Pope Francis expands ranks of cardinals who will likely pick his successor

The 85-year-old pontiff says he may consider resigning if the need arises



AP
AP

By AP

Published: Sat 27 Aug 2022, 5:59 PM

With a solemn ceremony to create new cardinals, Pope Francis was poised Saturday to formally expand the ranks of churchmen now eligible to vote for his successor in case he dies or resigns — the latter a step he has said he’d consider if the need arises.

Francis also told Reuters in an earlier interview that the idea “never entered my mind” to announce a planned retirement at the end of the summer, though he repeated he might step down some day as Emeritus Pope Benedict XVI did in 2013.

Of the 20 churchmen being raised to the rank of cardinal in St. Peter's Basilica, 16 are younger than 80 and thus eligible to participate in a conclave — the ritual-shrouded, locked-door assembly of cardinals who cast paper ballots to elect a new pontiff.

By now, the 85-year-old Francis has named more than half of the elector cardinals. That bolsters the prospects that whoever becomes the next pontiff will share his vision for the future of the church.

In choosing San Diego Bishop Robert Walter McElroy, Francis passed over US churchmen leading traditionally more prestigious dioceses, including San Francisco Archbishop Salvatore Cordileone.

Among those selected to be among the newest cardinals is Bishop Richard Kuuia Baawobr from Wa, Ghana.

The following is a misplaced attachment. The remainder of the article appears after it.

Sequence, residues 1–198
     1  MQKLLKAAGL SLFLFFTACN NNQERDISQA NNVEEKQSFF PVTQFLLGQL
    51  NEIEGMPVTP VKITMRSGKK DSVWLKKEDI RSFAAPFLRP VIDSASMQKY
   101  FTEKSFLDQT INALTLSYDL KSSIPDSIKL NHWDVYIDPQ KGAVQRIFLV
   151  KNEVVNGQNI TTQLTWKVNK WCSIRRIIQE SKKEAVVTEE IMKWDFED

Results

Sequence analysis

Archbishop Ulrich Steiner of Manaus, Brazil, was tapped to be the first cardinal from the Amazon, the vast, environmentally-vulnerable region in South America on the Argentine-born pontiff’s home continent. In remarks to The AP, Steiner expressed concern about increasing violence in the Amazon – "not only in terms of the environment, but also because of drugs.”

“But this violence was not born there, it came from outside,'' Steiner said.

”It is always violence related to money. Concessions, deforestation, also with the mines, also with the fishing."

Increasingly, more of the cardinals are coming from Asia and Africa, while fewer are coming from Europe, where the number of rank-and-file Catholics has dwindled in recent years.

At 48, the youngest member among the cardinals' ranks is an Italian missionary in Mongolia. Archbishop Giorgio Marengo, as the apostolic prefect of Ulaanbaatar, ventured that the tiny size of his flock there — Catholics in that Asian country number about 1,300 — factored in the pope's selection of him. Francis “knows how important it is supporting these little communities.”


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